July 29, 2015

Posts on federal budget

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Thursday, May 7, 2009 - 11:56 AM

Ten weeks ago, President Obama released his first budget outline entitled "A New Era of Fiscal Responsibility." That publication provided an overview of what fiscal policy would look like during his first term and started the budget process in Congress (passing their budget resolution last week).

We put forth an analysis of this initial outline which commended the administration on its effort to increase transparency and enact statutory PAYGO rules. However, we cautioned the budget attempted to do too much -- not necessarily conducive to reigning in emerging deficits. These concerns were heightened when the Congressional Budget Office released its analysis shortly thereafter. Unlike the President's original budget which showed only large deficits in the immediate term attributed to the economic climate, CBO showed deficits increasing much later in the outyears -- reaching 5.7 % of GDP in 2019 -- and net interest outpacing spending on national defense by that time.  

In an effort to address those concerns and begin...

Monday, May 4, 2009 - 3:36 PM

Now that the Congressional Budget Resolution has passed, there has been a lot of talk about how the reconciliation instructions included in the resolution will make it easier for a health care reform effort to pass.  Particularly since the mechanics of reconciliation provide for a simple majority vote for approval -- instead of the 60 votes that might be needed to overcome a filibusterer in the Senate.

Ironically, considering political motivations, it might be easier to round up 60 votes for a fiscally irresponsible health care reform bill, than to attain the 51 votes for a fiscally responsible bill -- which would be needed to utilize the reconciliation fast track procedure. 

Let me explain. When the modern budget process was established, the idea behind including a lower procedural bar under reconciliation was to facilitate legislation that contained difficult choices resulting in deficit reduction. Only in recent years have legislators deviated from this intention, most notably by the usage of reconciliation to pass large, deficit-increasing tax cuts.

The guidelines put in place by the budget resolution for reconciliation -- in a sense -- navigate this budget procedure closer to its original purpose. Specifically, for Congress to consider any health care reform bill, it must contain...

Tuesday, April 28, 2009 - 12:50 PM

Listening to President Obama’s weekly address on Saturday was a rollercoaster experience for me. At times, I was lifted by his message of fiscal discipline. At other times, I was depressed by his unwillingness to connect fiscal discipline with politically difficult choices.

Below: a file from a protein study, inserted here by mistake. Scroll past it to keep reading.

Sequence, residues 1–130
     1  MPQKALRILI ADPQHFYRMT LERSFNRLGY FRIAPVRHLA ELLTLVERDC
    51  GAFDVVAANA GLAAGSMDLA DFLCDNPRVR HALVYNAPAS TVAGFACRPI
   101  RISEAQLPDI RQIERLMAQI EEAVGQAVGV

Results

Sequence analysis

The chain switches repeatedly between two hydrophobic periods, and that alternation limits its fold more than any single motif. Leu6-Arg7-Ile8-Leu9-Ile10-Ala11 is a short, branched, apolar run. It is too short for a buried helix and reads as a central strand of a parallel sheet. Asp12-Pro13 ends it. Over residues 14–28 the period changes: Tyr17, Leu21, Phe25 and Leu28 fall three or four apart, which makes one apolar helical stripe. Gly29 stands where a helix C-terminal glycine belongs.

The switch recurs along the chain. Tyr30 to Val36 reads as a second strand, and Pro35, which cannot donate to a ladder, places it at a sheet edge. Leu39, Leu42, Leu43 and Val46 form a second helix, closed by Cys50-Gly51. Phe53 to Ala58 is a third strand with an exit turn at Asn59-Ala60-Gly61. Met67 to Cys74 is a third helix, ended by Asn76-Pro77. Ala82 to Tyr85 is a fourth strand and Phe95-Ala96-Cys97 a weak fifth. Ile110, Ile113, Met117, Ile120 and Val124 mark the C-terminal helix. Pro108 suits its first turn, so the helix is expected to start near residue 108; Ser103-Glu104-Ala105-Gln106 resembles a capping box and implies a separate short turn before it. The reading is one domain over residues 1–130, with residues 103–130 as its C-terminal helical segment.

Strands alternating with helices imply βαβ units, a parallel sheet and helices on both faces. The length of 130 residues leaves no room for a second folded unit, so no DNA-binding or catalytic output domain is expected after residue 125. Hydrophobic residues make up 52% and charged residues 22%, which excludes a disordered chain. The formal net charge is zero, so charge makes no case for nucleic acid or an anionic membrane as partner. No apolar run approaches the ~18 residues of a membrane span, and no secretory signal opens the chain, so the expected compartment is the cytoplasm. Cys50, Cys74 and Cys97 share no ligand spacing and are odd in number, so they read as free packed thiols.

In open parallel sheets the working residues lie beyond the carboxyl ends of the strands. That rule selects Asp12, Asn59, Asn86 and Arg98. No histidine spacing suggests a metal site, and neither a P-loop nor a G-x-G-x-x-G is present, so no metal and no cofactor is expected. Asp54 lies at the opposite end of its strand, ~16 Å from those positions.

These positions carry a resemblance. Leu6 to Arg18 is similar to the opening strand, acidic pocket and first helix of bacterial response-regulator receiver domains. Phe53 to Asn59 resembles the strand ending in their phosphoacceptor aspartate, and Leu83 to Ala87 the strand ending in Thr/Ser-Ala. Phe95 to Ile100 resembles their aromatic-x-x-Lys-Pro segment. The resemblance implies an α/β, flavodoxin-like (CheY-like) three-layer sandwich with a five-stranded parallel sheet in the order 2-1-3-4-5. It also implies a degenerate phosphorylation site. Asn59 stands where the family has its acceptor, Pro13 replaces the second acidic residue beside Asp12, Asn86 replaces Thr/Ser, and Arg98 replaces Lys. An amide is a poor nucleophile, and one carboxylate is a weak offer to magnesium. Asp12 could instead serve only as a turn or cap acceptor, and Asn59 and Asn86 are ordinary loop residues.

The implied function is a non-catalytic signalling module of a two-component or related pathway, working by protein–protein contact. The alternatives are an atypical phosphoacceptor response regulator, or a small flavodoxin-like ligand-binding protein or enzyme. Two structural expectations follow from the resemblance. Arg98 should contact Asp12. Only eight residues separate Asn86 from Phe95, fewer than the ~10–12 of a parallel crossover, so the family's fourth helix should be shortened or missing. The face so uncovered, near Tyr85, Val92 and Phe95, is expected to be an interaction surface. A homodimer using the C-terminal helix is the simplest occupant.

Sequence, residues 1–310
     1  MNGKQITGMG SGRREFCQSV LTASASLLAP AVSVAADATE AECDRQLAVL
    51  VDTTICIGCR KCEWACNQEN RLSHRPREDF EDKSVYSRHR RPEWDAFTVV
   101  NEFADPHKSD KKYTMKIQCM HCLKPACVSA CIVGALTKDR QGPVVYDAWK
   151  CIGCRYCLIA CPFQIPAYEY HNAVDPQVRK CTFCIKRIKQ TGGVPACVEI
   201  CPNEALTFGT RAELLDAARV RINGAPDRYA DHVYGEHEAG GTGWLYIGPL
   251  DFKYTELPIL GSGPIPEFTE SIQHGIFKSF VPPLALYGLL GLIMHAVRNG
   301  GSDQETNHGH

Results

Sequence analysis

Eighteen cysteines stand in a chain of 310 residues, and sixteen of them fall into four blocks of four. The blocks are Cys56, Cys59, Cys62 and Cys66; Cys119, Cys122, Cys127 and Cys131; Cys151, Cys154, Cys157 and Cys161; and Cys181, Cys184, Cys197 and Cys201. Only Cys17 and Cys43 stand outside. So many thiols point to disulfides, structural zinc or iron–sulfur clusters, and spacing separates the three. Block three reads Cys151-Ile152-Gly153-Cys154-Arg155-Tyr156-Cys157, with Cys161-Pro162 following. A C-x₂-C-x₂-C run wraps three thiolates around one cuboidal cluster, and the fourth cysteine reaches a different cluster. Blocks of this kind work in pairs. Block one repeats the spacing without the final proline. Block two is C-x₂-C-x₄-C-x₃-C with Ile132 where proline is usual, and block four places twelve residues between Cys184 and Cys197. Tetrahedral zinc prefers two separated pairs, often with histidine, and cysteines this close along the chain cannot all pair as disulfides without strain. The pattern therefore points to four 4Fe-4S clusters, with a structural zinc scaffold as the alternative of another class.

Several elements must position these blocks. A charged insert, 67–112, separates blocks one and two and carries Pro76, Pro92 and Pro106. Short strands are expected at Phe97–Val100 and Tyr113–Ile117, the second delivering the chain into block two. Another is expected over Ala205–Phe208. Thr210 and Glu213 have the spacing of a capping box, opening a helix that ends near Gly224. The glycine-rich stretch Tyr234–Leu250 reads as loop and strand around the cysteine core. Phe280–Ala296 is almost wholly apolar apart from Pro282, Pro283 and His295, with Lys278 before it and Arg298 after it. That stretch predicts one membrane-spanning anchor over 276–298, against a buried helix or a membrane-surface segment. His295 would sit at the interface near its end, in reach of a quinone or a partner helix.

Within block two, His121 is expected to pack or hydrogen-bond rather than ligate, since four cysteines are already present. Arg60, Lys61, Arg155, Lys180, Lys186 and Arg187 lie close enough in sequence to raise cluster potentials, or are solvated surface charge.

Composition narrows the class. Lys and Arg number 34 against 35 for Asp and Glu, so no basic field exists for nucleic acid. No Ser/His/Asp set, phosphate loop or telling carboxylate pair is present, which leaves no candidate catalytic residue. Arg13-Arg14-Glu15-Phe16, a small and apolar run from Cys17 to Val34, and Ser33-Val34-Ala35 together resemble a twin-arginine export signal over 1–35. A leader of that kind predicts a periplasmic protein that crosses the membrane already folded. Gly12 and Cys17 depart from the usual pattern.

It started out well with the President’s observation that “the cost of confronting our economic crisis is high. But we cannot settle for a future of rising deficits and debt that our children cannot pay.”

Then came the first downward plunge when the President proclaimed, “we have identified two trillion dollars in deficit reductions over the next decade.” 

This statistic is based on savings achieved from a contrived “baseline.” If you assume that war spending remains at the current level adjusted for inflation over the next 10 years, you can get a lot of “deficit reduction” by reducing that commitment -- as even the Bush Administration was planning to do. And, if you assume that all of the Bush tax cuts are permanent, which they are not, you can get more “deficit reduction” by assuming that a portion of them will not be extended, which is what would happen anyway under current law. So there isn’t really a lot of deficit reduction in the $2 trillion figure the President cited, and no hard choices.

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Friday, April 3, 2009 - 10:40 AM

As we previously noted, President Obama released the outline of his first budget at the end of February.  Those details have been scored by the Congressional Budget Office and included in the March update to their Budget and Economic Outlook. Now, the proverbial "budget ball" now rests in Congress as they work towards agreeing on a unified budget resolution.   

Both the Senate and House held votes last evening after marking up their respective resolutions last week. The House approved its resolution by a vote of 233-196 while the Senate's resolution passed by a vote of 55-43.

The two resolutions are not that different on the surface: they both follow the administration's leads on attempting to cut the deficit in half over four years, establishing health care reserve funds, and addressing...

Wednesday, March 18, 2009 - 2:40 PM

As you recover from what was hopefully a fun-filled St. Patrick's Day, it might be helpful if I were able to convert our latest issue brief into a fun, bite-sized and easily digestible, bullet list of the most interesting things we found in President Obama's first budget submission to Congress.

First some background: in general, every presidential budget is significant because it establishes the priorities and issues which the administration perceives to be most important and how they plan to address and resolve them. The first budget of a new administration is even more important in that it sets expectations for the coming years and how these policies reconcile with the promises made during the campaign. The submission the Obama Administration made at the end of February was just an outline of the larger budget they will present later in the year, but with enough information that Congress can turn towards creating the Congressional budget resolution in the next month or two.